Nothing has tested the mettle of many physicians like the covid-19 pandemic. As the crisis lurches on, we are faced with hefty decisions every day, and some of them take a heavy toll on our resolve and even mental health.
Make no mistake, the pandemic is still in full swing, and there are little signs of ebbing of the tide. Further afield, giants like India are reeling under a surge of covid-19 deaths. The world must act and save the world’s pharmacy.
But three things have tested my mettle the most. Sometimes I count it God’s grace that I can still wake up and head to work. Being in the eye of the storm is no easy job.
1. Scarcity of Beds
Nothing breaks my heart than relatives of a patient who is barely breathing calling me and requesting my help to get them a bed.
This time, they are in a casualty somewhere, and the hospital says they can’t admit them, there’s no space. You call all your contacts and don’t succeed.
You call back to tell them you’ve done your best. They ask you, should we let him or her die? That’s a deep question.
It’s the more distressing when the patient needs ICU, and the only places you can get have huge deposit demands, often between 200-600k. You feel the distress on behalf of the patient, but you’re lost on what to do.
And the gatekeepers in some of our public hospitals aren’t easy to deal with. I have called many times, told there’s no bed, only to hear there are a few reserved beds. You wonder why someone can play difficult games with life.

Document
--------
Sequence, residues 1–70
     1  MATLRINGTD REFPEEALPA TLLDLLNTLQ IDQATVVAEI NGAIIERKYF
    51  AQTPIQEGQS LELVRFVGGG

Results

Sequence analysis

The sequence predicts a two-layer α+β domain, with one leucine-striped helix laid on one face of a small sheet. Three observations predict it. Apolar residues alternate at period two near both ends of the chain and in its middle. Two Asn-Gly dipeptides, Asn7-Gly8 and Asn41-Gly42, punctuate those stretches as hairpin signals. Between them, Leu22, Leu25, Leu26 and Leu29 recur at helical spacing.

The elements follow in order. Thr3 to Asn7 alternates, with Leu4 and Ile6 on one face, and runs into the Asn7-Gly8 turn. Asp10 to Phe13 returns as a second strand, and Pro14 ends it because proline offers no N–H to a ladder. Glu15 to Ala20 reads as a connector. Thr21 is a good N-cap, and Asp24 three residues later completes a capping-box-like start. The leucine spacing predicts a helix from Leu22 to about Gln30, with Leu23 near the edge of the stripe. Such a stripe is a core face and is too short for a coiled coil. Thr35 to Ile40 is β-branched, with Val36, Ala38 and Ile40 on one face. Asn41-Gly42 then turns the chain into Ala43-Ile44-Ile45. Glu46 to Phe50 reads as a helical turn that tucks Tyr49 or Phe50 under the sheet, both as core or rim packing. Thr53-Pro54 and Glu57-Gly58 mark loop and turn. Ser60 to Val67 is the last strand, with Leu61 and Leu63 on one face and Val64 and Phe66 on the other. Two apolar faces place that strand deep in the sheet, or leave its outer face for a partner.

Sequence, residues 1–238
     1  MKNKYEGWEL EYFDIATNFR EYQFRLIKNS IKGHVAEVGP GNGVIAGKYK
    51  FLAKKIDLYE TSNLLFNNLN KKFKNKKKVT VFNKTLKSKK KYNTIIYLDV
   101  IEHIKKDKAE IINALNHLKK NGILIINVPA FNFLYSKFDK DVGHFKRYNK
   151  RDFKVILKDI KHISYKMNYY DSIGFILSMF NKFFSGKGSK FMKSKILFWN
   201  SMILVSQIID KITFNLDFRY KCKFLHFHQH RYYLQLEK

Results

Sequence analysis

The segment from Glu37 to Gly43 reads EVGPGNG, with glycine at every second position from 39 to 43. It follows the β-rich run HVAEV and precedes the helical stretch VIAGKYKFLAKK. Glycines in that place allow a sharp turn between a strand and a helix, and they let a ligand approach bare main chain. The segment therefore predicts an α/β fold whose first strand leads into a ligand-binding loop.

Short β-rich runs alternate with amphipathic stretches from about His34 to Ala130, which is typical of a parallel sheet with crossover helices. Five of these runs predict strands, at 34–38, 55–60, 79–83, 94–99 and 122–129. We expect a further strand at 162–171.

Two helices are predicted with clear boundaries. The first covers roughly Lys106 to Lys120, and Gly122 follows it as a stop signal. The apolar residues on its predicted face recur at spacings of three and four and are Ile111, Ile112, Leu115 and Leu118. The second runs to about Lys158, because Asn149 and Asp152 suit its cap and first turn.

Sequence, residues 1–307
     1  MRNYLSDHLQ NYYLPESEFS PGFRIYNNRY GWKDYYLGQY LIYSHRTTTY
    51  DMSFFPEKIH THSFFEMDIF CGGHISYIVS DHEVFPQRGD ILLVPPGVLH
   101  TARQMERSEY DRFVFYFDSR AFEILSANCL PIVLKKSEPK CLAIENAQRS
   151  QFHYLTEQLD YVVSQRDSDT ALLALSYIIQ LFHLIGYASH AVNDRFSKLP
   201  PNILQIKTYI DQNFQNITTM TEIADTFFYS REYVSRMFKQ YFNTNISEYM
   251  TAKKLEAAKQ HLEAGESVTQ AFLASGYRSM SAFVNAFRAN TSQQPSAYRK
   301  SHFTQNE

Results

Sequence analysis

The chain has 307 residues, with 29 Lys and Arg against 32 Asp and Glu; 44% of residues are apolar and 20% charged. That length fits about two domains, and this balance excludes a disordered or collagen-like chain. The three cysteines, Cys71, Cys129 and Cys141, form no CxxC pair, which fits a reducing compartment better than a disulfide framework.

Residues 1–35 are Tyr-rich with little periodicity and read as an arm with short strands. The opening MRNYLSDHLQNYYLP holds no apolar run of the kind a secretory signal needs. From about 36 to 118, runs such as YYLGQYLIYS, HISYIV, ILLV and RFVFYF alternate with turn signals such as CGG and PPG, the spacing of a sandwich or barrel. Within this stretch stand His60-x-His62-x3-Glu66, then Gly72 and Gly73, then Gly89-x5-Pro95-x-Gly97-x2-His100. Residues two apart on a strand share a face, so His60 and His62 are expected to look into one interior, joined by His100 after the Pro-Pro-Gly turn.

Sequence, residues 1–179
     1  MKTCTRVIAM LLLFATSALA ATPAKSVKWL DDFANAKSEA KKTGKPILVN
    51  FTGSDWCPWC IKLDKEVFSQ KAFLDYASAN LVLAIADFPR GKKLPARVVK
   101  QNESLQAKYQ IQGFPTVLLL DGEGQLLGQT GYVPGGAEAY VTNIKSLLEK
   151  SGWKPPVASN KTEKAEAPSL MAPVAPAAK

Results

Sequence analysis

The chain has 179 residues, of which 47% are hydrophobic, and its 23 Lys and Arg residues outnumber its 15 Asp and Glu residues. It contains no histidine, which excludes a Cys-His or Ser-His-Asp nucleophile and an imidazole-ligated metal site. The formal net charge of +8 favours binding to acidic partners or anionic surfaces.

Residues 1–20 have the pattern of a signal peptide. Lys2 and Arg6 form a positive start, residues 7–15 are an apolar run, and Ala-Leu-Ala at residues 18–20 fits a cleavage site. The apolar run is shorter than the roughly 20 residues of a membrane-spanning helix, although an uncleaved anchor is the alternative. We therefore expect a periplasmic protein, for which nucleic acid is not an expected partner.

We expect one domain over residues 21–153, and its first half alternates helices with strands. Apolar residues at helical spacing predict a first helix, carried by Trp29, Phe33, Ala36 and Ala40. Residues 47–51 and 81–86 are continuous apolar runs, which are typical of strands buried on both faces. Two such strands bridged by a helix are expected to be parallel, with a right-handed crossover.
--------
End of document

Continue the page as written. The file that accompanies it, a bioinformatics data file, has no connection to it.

2. Uncertainty of the Disease
I have ended up treating friends and their close relatives. Often, they want an assurance that their kin will be well, and they demand to know how long it will take.
Well, from experience, this disease is random and sometimes brutal. Slowly, we are learning that there are no guarantees. A patient who is stable now can get a cardiac arrest the next minute.
And woe unto you if you’d given unqualified assurances. You have to face relatives and tell them it happened.
So, we learn to be cautious in optimism and to take a day at a time.
We are increasingly handling cases where relatives want to have their way. I have had a patient whose 7 relatives would call almost every 2 hours, all from different places.
I would ignore most of their calls, and a barrage of messages would come in. A colleague of mine was being called from all corners of the world until she couldn’t work well.
And I had one whose relatives demanded to know why I was not giving vitamin C to their dad, and one of them even suggesting my motives weren’t good.
Of course, we know this treatment is mostly placebo. Each of the relatives has a suggestion, a complaint, a reprimand, a compliment, etc.
That’s how human nature is, and nothing brings out human nature than challenges.
All in all, we trudge on, fueled by the unremitting Grace of Providence, buoyed by love, driven by enthusiasm, and hopeful of a better tomorrow.
In this journey, we score victories, a few painful failures, and many lessons- that’s how life must be.
(Adapted from Dr. Paul Bundi Karau)